at is representational and that a true blood cell is thousands of times
smaller in your body.
Here's a fun craft for older kids that would make a nice gift. It may be a good idea to have kids wear gloves, though I only found one version of this recipe that suggested it.
1/2 cup plain flour
1/2 cup salt
1/4 teaspoon essential oil (your favorite scent)
2/3 cups boiling water
Food coloring, if desired
mix dry ingredients well.
Add essential oil, and boiling water to dry ingredients. (Scent will be strong, but will fade slightly when dry.)
For colored stones, blend in food coloring, one drop at a time until desired shade is reached.
Blend ingredients, and form balls.
Allow stones to dry.
Place rocks in a bowl or dish to scent a room. A nice alternative to potpourri!
(This recipe is widely published online. Original author unknown.)
Daryl heard a great story on the radio last month. A minister was saying that the following scenario described how most people live:
You have a whole lot of money and need new furniture. You go out and find a chair that you absolutely hate. It's the ugliest chair you've ever seen. You buy it and have it sent to your house.
Then you find a couch that's hideous, that makes you miserable even looking at it. You buy it and have it sent to your house.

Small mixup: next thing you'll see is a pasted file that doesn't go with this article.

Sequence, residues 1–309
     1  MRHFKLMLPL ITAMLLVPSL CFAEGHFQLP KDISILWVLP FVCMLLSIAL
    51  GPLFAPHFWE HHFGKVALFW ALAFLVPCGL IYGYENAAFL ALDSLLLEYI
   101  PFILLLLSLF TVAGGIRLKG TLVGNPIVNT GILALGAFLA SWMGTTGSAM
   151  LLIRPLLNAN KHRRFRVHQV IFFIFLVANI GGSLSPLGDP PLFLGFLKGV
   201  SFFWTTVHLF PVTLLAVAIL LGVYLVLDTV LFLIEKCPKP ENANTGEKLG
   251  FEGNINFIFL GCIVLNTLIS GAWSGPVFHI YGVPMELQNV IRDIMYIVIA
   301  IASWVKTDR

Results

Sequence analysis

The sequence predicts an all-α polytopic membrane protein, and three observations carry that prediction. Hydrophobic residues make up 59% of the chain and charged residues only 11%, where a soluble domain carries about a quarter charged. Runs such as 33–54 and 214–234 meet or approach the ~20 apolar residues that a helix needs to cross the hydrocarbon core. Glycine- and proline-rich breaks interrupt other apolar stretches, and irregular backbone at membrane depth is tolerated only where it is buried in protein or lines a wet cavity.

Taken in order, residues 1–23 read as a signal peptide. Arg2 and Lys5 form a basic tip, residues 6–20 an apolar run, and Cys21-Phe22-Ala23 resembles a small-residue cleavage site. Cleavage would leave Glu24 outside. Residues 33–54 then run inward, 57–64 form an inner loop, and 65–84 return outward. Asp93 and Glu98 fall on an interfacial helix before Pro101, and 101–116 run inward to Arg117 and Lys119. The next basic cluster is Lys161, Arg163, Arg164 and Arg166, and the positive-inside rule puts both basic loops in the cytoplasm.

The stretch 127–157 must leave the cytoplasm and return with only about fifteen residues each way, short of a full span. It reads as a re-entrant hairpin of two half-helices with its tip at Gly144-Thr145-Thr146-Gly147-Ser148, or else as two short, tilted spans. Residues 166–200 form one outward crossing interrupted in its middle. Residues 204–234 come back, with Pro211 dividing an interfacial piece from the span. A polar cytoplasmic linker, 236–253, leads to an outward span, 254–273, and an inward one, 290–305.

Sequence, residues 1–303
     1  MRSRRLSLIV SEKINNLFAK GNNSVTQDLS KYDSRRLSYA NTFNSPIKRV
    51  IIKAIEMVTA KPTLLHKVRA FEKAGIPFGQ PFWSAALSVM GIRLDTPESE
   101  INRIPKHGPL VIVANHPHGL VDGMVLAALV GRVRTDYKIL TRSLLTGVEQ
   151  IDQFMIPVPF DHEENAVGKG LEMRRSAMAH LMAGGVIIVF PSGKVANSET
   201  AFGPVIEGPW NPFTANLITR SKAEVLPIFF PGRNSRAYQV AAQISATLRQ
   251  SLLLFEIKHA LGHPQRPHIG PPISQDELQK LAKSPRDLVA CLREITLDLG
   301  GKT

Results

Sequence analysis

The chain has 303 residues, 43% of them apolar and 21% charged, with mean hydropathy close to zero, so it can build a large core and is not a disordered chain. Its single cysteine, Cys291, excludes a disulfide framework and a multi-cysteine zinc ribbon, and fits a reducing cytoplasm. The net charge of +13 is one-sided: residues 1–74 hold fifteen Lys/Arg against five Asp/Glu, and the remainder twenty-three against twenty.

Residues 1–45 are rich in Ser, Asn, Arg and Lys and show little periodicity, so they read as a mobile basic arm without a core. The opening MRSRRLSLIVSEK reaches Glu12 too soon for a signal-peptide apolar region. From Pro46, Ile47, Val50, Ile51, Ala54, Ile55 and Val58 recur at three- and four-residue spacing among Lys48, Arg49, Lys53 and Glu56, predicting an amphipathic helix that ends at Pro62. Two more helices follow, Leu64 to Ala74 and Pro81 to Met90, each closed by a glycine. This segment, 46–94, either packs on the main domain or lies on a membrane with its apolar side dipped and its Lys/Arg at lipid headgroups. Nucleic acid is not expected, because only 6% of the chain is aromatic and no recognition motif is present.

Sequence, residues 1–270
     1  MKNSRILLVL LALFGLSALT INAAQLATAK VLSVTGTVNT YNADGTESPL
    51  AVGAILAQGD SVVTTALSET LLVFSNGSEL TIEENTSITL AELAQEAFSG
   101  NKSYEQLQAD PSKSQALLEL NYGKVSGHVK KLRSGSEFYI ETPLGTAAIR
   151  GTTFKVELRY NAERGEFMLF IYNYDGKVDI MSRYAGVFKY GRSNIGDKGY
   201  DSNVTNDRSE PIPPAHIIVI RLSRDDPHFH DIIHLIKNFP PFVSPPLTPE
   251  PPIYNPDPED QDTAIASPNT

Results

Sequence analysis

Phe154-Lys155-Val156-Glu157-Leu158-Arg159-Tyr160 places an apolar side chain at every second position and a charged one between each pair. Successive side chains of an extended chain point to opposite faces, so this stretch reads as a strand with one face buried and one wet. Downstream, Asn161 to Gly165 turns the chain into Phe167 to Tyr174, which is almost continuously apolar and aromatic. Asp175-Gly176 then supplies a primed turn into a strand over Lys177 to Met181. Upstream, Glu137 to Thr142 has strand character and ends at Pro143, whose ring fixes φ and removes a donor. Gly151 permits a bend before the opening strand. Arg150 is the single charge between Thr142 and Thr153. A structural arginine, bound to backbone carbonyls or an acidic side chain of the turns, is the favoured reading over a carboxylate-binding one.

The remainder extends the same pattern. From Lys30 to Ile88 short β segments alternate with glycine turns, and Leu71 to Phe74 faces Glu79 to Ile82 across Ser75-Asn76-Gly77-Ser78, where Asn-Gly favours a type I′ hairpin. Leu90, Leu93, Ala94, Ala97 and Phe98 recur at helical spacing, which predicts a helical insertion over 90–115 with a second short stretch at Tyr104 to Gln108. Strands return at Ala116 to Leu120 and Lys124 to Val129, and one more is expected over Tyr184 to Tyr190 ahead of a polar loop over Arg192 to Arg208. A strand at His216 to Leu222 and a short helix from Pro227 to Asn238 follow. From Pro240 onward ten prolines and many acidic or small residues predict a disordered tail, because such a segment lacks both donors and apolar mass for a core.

You keep going all day, buying the most repulsive furniture you find and sending it home. When you come home at the end of the day, your money is all spent and your house is filled with things you hate.
He went on to say that this is how most people spend their energy-- carrying around the worst things that happen all day and bringing them home.
You know, he's right! How often do we let all the little nuisances get to us and choose to hang on to those to bring home at the end of the day?
A new year has started. What a great time to decide to leave the ugliness where we find it and spend our emotional energy bringing home the good parts of the day. :)
Here are some pages filled with lots of crafts for Valentine's Day:
(crafts for older kids or mom)
Food for thought! I really liked this point:
"Get rid of the crazy idea that in order to make children do better, first you have to make them feel worse. Do you feel like doing better when you feel humiliated?"